THE NETHERLANDS HEMMED IN AGAINST THE NORTH SEA BY GERMANY AND BELGIUM, THE Dutch have made the best of the most crowded piece of land in the EU, creating on it the world's largest port and expanding seawards rather than landwards. With the 14th biggest economy in the world, the Netherlands is a small nation with a big clout. Culturally, the Dutch face north and west (and a bit east) but not south. Their Latin traits are few, but there are striking commonalities with the British, Germans, Swedes and Norwegians, as if at different times they followed different models. Perhaps this partly explains the paradoxical nature of Dutch society. With the Norwegians they share the exceptional characteristic of the national moral dilemma how can a modern state embrace permissiveness, tolerance, sweeping innovation and pragmatic pursuit of wealth without losing the embedded historical values that served its strait-laced, frugal society so well in the past? The pervasive egalitarianism in both the Netherlands and Sweden has led to the creation of Europe's two most comprehensive (and expensive) welfare states, with the subsequent corollary of high taxation. In both cases the expense of this luxury has been increased by a generous immigration policy: 10 per cent of Swedes today were not born in Sweden and 15 per cent of those in the Netherlands are not of Dutch descent. In the business world, both the Netherlands and Sweden have many famous multinational conglomerates (Shell, Unilever, Philips, Volvo, Electrolux, Scania, Alfa-Laval etc.) relative to the size of their economies. This is quite different to the situation in, for instance, Denmark, Norway, Finland and Belgium, where few companies are known worldwide (Nokia and Carlsberg perhaps the only ones). The proximity of Germany makes it only natural that the Dutch share many traits with their dynamic neighbour. Dynamism, industriousness and work ethic are among the most important of these characteristics. If the Germans are known to be efficient and punctual, the Dutch would claim to be their equals in these respects. Profit orientation is strong and money must be made (but not spent too quickly!).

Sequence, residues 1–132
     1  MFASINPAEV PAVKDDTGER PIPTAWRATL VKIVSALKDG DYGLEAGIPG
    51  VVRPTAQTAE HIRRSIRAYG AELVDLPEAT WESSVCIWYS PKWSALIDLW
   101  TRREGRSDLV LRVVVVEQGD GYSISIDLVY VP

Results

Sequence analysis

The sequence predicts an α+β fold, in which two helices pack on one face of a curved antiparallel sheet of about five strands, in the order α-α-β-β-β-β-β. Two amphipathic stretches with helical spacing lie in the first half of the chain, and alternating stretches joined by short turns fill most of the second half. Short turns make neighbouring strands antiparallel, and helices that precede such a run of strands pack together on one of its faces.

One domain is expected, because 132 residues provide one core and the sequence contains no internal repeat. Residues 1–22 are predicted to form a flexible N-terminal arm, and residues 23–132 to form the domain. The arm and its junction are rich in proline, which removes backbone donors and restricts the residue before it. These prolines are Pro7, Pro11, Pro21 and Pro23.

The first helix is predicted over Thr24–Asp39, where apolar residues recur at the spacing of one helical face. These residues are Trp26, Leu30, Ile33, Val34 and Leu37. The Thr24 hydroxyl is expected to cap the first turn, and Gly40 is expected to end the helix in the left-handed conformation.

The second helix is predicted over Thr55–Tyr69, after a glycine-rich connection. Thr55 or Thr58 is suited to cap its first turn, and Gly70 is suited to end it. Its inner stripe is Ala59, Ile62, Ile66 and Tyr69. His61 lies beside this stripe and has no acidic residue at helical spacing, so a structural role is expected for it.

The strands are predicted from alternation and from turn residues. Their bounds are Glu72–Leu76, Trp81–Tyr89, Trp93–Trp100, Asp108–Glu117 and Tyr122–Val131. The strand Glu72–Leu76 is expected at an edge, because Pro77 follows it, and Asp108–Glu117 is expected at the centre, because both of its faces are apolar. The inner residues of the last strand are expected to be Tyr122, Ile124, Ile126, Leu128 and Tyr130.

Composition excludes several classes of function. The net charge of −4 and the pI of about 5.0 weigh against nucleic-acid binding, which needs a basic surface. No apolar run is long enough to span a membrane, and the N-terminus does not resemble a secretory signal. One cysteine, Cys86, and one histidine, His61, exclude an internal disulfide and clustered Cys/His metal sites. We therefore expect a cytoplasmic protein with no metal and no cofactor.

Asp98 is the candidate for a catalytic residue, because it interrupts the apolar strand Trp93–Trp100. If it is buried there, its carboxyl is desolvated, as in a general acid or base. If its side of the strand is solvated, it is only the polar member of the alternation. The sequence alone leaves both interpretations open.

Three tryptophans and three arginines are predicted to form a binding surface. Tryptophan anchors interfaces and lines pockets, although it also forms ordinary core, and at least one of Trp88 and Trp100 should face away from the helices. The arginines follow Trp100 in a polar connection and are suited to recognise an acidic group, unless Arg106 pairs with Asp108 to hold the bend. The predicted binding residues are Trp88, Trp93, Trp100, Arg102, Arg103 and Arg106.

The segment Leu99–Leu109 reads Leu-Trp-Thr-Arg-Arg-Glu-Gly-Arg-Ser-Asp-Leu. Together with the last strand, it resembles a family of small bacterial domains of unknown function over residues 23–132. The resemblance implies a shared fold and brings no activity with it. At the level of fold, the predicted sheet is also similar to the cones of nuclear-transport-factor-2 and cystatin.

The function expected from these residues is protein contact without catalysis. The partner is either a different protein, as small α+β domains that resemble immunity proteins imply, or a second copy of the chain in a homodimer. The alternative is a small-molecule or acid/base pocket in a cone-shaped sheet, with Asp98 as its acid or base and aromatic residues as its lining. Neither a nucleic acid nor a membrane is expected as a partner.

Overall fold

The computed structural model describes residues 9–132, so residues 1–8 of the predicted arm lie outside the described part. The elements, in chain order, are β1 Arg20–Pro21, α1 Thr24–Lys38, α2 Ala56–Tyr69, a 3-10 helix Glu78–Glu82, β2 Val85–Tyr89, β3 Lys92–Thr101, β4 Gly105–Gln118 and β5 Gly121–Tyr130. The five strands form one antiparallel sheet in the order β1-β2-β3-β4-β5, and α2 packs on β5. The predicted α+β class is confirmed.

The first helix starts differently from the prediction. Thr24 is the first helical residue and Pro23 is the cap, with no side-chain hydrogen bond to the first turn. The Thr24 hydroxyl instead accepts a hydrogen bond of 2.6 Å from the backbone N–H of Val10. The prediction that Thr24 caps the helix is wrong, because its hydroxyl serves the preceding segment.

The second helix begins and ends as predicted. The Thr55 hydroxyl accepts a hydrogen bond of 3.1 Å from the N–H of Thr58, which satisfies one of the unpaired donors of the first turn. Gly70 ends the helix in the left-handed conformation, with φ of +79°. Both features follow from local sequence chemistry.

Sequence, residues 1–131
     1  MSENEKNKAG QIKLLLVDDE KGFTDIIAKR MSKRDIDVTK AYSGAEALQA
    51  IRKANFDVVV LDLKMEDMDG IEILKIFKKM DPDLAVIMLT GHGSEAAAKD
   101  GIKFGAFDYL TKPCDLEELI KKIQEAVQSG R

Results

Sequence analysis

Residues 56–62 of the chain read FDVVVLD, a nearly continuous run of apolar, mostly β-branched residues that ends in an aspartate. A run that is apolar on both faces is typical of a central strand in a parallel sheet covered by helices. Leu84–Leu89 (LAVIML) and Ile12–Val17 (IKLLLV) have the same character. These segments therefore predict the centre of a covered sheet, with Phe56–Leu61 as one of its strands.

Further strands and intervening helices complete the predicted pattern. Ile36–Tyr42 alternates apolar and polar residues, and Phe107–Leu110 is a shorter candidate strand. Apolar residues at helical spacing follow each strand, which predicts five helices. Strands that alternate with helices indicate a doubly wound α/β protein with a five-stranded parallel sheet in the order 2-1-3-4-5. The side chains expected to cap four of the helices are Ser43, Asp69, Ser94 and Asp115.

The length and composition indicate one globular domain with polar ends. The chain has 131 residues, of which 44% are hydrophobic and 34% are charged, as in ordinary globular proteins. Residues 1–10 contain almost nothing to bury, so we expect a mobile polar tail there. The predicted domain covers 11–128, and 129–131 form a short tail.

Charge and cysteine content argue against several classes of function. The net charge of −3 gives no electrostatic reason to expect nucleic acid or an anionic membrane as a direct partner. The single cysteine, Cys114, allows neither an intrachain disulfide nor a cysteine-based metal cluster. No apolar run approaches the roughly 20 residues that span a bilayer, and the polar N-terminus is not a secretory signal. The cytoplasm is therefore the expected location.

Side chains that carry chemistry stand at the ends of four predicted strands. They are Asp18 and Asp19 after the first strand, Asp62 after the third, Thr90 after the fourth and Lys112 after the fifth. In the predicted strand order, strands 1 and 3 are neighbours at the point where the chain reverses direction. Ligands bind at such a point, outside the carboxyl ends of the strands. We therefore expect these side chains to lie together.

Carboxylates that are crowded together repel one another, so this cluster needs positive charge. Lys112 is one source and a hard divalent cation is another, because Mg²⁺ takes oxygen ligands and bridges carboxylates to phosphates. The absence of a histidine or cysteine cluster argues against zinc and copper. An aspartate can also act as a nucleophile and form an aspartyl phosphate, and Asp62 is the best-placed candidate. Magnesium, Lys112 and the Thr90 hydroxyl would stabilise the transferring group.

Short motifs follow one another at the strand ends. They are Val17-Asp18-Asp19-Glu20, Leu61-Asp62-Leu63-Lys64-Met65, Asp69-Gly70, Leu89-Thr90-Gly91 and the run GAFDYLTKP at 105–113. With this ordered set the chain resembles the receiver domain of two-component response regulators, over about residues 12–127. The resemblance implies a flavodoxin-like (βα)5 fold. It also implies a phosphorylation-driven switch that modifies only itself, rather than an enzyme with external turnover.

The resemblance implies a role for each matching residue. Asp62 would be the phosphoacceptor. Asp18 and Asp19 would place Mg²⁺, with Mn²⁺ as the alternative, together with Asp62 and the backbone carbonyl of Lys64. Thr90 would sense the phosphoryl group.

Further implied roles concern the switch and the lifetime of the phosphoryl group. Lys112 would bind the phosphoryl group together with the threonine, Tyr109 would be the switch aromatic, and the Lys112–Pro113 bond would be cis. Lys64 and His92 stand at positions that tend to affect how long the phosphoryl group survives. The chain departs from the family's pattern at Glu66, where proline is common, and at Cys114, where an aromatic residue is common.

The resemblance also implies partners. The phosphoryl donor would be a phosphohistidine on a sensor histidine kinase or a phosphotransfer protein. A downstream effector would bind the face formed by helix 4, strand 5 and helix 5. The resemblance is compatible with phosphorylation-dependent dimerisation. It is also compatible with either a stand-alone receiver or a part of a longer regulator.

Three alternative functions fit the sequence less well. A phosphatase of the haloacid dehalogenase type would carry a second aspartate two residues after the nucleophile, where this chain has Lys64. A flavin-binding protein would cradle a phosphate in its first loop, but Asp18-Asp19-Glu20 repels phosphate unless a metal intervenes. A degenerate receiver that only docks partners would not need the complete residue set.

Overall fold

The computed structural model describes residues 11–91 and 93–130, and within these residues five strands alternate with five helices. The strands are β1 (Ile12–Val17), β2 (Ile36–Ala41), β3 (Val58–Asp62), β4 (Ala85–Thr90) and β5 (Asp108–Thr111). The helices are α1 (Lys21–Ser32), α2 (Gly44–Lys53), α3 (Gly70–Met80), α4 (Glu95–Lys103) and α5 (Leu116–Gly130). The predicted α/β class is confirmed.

Dutch and Germans are equally frugal, though their governments (especially the Dutch) are less tight-fisted. Only the more conservative, older type of Dutch company resembles the German, but common management traits are frankness, a certain formality with regard to titles and the significance of education as an essential component of leadership. Education is conducted in Holland along German lines, with vocational schools, apprenticeships and on-the-job training major features. Both countries excel in the production of engineers and technicians. Dutch and Germans rival each other in being rights conscious, but compensate by also being very conscious of their duties;
rationality is another common factor. Their forthright Germanic traits notwithstanding, it is perhaps with the British that the Dutch identify most strongly. When conversing with the English they have a confiding air of kinship easily straddling the narrow stretch of water between them. The inhabitants of the Frisian islands speak a language somewhere between Dutch and English. The sea-going traditions of both countries give them a sense of sharing early internationalism, exciting eras of exploration and entrepreneurialism, and huge, rambling empires where durability, administrative skills and religious tolerance were notable features. The Dutch and the English cling to their royals and basic conservatism, but soften this with democratic parliamentary government, love of debate and a quiet, roll-up-your-sleeves self-determinism. Love of home, gardens and flowers are similar in both countries. In business, Dutch and English people resemble each other in dress, exploratory discussion, profit orientation and pragmatism. A surfeit of protocol is frowned on, food is not central to either culture (no three-hour lunches) and internal competitiveness, while keen, must remain covert. Culture Values Dutch economic and geographic paradoxes are comprehensively matched by those of their values:
Conservative Tolerant International Materialist Puritanical Opinionated Rights conscious Consultative Royalist Informal Entrepreneurial Frugal Self-determined Frank, open Innovative Dogmatic Parochial Moralist Permissive Consensual Dutiful Competitive Egalitarian Proper Competitive Profligate (government) Cooperative Jealous of privacy The hierarchical pyramid in Dutch firms is decidedly flat: managers sit with other executives and decisions are made after lengthy consultation and consensus. As in Japan one diligently avoids the 'tyranny of the majority' and unanimity of decision is sought on most occasions. Individuals may stick to their opinions and cannot be steamrollered, but a great deal of pressure may be brought to bear on persistent lone dissenters. Cultural factors in communication Communication pattern and use of language Listening habits The Dutch are cautious, sceptical listeners, who prefer cut-and-thrust dialogue to any form of lecturing. Behaviour at meetings and negotiations Meetings are based on factual information and shows of emotion or ebullience are generally frowned on. Mutual help and dependence are general goals;